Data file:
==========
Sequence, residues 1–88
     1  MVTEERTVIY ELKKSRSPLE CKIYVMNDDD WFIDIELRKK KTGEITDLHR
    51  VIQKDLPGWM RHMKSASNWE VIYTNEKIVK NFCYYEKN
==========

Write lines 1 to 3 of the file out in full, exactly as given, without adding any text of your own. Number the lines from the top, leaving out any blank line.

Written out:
Sequence, residues 1–88
     1  MVTEERTVIY ELKKSRSPLE CKIYVMNDDD WFIDIELRKK KTGEITDLHR
    51  VIQKDLPGWM RHMKSASNWE VIYTNEKIVK NFCYYEKN